Spin relaxation is the process whereby the spins in a spin current lose their orientation, reverting to a natural disoriented state. This causes spin signal to be lost, since spins are only useful for transporting information when they are oriented in a certain direction.
Graphene is a two-dimensional material exhibiting a series of remarkable properties that makes it uniquely suited for maintaining spin orientation over long lifetimes. However, its low spin-orbit coupling (SOC) makes it ineffective for spin manipulation.
The solution we have proposed to advance in the development of graphene spintronics is to create layered heterostructures, harnessing the the presence of a high SOC material (such as a transition-metal dichalcogenide-TMDC) which imprints new spin features in the graphene layer. Our theoretical work reveals that the rate at which spins relax in graphene/TMDC systems depends strongly on whether they are pointing in or out of the graphene plane, with out-of-plane spins lasting tens or hundreds of times longer than in-plane spins. Such a high ratio has not previously been observed in graphene or any other 2D material, and stands as a primer in controlling the spin degree of freedom using weak proximity effects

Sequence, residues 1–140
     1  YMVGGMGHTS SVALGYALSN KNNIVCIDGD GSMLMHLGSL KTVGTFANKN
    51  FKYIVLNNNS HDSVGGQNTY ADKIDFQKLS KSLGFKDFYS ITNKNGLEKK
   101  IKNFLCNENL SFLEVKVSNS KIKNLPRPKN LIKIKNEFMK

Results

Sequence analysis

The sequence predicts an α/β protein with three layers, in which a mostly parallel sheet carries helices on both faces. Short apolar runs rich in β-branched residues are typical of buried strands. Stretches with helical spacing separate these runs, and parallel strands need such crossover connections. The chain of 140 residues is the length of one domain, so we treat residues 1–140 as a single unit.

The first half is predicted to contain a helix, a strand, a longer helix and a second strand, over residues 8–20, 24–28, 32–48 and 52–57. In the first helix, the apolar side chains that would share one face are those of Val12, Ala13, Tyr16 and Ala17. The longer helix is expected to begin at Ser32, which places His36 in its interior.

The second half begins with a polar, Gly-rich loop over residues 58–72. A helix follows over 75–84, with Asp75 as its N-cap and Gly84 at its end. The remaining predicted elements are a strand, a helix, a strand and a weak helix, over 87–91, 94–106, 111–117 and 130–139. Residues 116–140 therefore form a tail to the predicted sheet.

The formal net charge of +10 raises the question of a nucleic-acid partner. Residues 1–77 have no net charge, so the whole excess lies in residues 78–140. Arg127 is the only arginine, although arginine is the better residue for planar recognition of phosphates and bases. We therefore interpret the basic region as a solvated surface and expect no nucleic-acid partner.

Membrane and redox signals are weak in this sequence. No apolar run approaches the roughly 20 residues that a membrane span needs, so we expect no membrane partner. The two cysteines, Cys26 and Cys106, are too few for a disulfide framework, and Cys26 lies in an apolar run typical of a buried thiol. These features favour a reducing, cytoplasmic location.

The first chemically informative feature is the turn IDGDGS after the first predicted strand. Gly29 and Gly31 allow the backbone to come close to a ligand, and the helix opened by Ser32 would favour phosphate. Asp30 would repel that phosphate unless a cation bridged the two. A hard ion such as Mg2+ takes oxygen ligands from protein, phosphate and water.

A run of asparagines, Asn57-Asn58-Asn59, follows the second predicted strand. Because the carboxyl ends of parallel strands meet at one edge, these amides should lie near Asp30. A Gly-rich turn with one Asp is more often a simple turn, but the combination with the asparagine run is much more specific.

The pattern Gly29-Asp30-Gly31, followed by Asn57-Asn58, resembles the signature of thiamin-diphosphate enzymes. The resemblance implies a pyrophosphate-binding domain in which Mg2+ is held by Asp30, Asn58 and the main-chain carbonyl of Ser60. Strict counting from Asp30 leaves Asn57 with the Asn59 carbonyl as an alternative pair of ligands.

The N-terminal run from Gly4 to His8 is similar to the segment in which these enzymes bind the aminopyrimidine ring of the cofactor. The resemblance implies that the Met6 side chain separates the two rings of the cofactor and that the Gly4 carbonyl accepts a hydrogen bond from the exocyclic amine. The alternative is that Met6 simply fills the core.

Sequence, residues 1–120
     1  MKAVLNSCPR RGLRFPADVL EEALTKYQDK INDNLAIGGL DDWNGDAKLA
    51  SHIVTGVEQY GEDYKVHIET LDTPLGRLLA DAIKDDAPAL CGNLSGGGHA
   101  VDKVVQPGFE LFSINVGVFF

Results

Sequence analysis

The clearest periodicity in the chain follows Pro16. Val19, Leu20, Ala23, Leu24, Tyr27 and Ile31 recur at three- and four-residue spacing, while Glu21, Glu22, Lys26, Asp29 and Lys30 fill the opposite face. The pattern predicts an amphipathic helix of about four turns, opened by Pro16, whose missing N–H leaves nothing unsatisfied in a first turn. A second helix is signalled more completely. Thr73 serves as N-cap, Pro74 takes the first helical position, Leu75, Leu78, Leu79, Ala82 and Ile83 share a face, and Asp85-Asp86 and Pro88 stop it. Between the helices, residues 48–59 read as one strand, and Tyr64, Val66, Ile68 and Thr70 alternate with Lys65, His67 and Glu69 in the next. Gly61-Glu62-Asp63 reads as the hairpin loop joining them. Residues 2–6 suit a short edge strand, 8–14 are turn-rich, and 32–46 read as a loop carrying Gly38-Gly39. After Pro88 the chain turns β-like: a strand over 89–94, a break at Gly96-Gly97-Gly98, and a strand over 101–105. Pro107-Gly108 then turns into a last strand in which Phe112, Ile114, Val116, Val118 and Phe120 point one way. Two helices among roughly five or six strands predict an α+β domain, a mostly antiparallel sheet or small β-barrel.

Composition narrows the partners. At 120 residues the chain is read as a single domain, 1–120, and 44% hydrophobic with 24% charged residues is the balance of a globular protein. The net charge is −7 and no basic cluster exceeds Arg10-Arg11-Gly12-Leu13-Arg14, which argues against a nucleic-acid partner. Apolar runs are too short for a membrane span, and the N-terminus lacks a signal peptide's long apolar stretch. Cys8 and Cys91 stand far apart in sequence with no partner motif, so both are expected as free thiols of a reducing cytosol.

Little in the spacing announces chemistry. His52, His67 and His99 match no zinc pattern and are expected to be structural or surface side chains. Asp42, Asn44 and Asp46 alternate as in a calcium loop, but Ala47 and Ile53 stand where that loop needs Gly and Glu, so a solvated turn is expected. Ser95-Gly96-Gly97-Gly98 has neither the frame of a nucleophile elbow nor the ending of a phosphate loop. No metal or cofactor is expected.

This behaviour is mediated by the so-called spin-valley locking induced in graphene by the TMDC, which ties the lifetime of inplane spin to the intervalley scattering time (induced by disorder). This causes in-plane spin to relax much faster than out-ofplane spin. Furthermore, the numerical simulations suggest that this mechanism should come into play in any substrate with strong spin-valley locking, including the TMDCs themselves.
Effectively inducing a spin filter effect –the ability to sort or tweak spin orientations–, these findings evidences that it is possible, through proximity effects to manipulate spin information in graphene. This theoretical prediction has been just confirmed experimentally at ICN2. These results open new avenue for exploring innovative spin logics protocols and quantum computing paradigms based on this large class of two-dimensional materials.